PITTSBURGH — Mike Sullivan did not offer a ringing endorsement of center Teddy Blueger when given a chance, Sunday night. The Pittsburgh Penguins head coach was offered an opening to affirm Blueger as one of the Penguins centers in Evgeni Malkin’s absence but instead punted the opportunity.
And Sullivan did so despite a standout performance by Blueger against the Philadelphia Flyers, Sunday. In addition to scoring the Penguins only goal, Blueger lit up the advanced stat sheet, too.
“(Malkin) is a tough guy to replace. He’s obviously an elite player. So…that speaks for itself. As far as what we’ll do moving forward, we’ll take it game by game and see how it goes,” Sullivan said.
Yeah, not exactly a vote of confidence. Sullivan also similarly dodged questions about Nick Bjugstad after the Penguins acquired him and Jared McCann on Feb. 1. Despite numerous opportunities, Sullivan consistently ducked the chance to name Bjugstad the third line center, then followed through on his dodges by moving Bjugstad to right wing.
(We discussed this comparison and the Penguins lines without Malkin on the video channel, too)
Bjugstad didn’t become a Penguins center until the Stadium Series game when he and Patric Hornqvist clicked with McCann on the left wing.
However, Sullivan generally offered some praise for Bjugstad despite not anointing him as a pivot. The blow off or dismissal of Blueger despite arguably the strongest game of the Penguins centers is puzzling.
Lining up the stats, in several minutes less ice time than Bjugstad and Sidney Crosby, Blueger’s line created seven scoring chances which equaled the others (all stats according to naturalstattrick.com). Blueger’s line had the same favorable scoring chance ratio as Crosby’s trio (63 percent), too. It should be noted Blueger with Bryan Rust and Phil Kessel did their damage mostly against Philadelphia’s lower lines, especially the fourth line.
But Sullivan did see Blueger score the Penguins lone goal by generating chances below the dots and finishing Kessel’s rebound, yes? Blueger also did not take a defensive zone faceoff, despite winning 80 percent of his draws, Sunday night. With Kessel as a linemate, it’s understandable the line wasn’t deployed except for a pair of micro shifts as the Penguins were pinned down in the third period, but perhaps Blueger’s line could have broken free.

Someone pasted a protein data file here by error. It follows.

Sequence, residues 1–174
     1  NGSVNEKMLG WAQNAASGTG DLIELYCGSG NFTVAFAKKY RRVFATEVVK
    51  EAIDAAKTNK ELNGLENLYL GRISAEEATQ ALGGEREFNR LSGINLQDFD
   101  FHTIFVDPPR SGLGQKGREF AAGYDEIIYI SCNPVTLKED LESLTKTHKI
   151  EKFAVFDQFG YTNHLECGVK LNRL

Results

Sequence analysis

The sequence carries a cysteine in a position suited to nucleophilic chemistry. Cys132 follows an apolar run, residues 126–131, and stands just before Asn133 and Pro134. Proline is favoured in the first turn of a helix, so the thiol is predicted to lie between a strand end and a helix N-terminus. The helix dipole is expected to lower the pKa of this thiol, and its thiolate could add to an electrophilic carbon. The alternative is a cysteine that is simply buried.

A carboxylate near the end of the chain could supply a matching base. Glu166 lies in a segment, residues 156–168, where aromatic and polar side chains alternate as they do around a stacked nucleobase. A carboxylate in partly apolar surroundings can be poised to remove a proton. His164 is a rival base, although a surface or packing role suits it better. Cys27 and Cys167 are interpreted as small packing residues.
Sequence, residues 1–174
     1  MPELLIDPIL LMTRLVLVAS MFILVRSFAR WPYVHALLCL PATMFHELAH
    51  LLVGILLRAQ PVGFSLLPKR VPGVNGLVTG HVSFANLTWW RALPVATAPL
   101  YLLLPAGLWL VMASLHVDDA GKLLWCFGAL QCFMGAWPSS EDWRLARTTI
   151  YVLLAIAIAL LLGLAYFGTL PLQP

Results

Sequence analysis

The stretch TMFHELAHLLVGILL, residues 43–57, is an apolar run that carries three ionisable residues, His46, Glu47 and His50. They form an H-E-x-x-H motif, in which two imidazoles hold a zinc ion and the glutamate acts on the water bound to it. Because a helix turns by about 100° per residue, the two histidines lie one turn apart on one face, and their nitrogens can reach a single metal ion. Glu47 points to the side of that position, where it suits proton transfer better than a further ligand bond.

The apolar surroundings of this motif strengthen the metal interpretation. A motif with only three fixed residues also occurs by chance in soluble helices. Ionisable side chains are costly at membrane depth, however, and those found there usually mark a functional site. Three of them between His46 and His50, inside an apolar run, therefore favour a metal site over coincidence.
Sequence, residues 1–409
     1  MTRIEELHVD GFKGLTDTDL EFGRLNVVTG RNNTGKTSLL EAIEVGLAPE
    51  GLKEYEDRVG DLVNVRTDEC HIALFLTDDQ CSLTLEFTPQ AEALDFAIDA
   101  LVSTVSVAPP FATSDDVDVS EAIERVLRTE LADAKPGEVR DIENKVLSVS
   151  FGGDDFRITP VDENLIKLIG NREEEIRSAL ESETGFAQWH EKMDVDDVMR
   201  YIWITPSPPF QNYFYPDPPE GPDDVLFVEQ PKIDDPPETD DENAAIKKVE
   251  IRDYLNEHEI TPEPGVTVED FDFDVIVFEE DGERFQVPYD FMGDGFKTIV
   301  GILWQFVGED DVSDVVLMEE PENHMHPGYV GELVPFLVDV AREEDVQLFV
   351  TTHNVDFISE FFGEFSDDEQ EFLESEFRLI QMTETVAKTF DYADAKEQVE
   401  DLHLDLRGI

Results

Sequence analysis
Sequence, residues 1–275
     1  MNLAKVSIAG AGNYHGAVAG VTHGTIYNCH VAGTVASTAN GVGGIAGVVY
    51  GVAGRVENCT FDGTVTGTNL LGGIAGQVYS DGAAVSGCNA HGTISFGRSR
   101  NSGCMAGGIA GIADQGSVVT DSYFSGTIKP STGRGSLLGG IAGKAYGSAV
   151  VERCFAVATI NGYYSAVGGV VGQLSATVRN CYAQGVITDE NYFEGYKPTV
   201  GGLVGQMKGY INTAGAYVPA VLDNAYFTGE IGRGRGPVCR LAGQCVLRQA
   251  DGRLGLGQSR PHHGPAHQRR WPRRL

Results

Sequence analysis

Nothing would have prevented Sullivan from swapping Kessel and Garrett Wilson on the line for some defensive help.
It’s all a bit puzzling.
Based on Sullivan’s specific dodge and not even using Blueger’s name, the Penguins likely have other plans for the vacant center position. The only other available option is to move McCann back to the middle and Rust back to Crosby’s right wing.
McCann has played with Kessel for nearly 13 minutes this season. The best which can be said of that pairing is they haven’t burned down PPG Paints Arena. When paired, they have posted a paltry 28 percent scoring chance ratio.
Surely Sullivan recognizes McCann has well adapted to the left wing position because it frees him to use his speed and tenacity without as much defensive constraint. In the middle, McCann was buttoned up.
Blueger is a natural center who has displayed the opposite tendency. On the wing, Blueger was not nearly as effective as he was in the middle.
Given Blueger’s immediate success with Kessel and McCann’s lack of success, it would seem to be a steady course to roll with Blueger beside Kessel for as long as it works. Also, without versatile winger Zach Aston-Reese, the Penguins are not flush with options. They have only 12 healthy forwards including recently recalled but sparingly used Joseph Blandisi.
Without Malkin, the Penguins do not have a great option. But how many teams would? The Penguins found something which worked, Sunday night. Instead of rearranging the lineup to accommodate shuffling wings and centers, the Penguins best course of action would be to pat Blueger on the back and send him out there with confidence.
It’s not like he could stifle Kessel’s even strength offense any further than Kessel already has.